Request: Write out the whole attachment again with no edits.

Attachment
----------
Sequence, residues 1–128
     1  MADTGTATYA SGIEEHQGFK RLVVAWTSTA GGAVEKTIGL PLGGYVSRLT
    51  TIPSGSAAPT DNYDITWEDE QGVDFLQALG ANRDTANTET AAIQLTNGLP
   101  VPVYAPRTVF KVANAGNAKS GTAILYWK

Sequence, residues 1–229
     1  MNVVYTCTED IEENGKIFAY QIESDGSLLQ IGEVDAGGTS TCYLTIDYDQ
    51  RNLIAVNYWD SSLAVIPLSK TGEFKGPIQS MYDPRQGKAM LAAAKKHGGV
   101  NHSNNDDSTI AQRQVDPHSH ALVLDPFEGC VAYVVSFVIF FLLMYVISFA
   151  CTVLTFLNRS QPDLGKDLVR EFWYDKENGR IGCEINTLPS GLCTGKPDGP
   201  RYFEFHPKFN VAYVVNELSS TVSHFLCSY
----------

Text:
Sequence, residues 1–128
     1  MADTGTATYA SGIEEHQGFK RLVVAWTSTA GGAVEKTIGL PLGGYVSRLT
    51  TIPSGSAAPT DNYDITWEDE QGVDFLQALG ANRDTANTET AAIQLTNGLP
   101  VPVYAPRTVF KVANAGNAKS GTAILYWK

Sequence, residues 1–229
     1  MNVVYTCTED IEENGKIFAY QIESDGSLLQ IGEVDAGGTS TCYLTIDYDQ
    51  RNLIAVNYWD SSLAVIPLSK TGEFKGPIQS MYDPRQGKAM LAAAKKHGGV
   101  NHSNNDDSTI AQRQVDPHSH ALVLDPFEGC VAYVVSFVIF FLLMYVISFA
   151  CTVLTFLNRS QPDLGKDLVR EFWYDKENGR IGCEINTLPS GLCTGKPDGP
   201  RYFEFHPKFN VAYVVNELSS TVSHFLCSY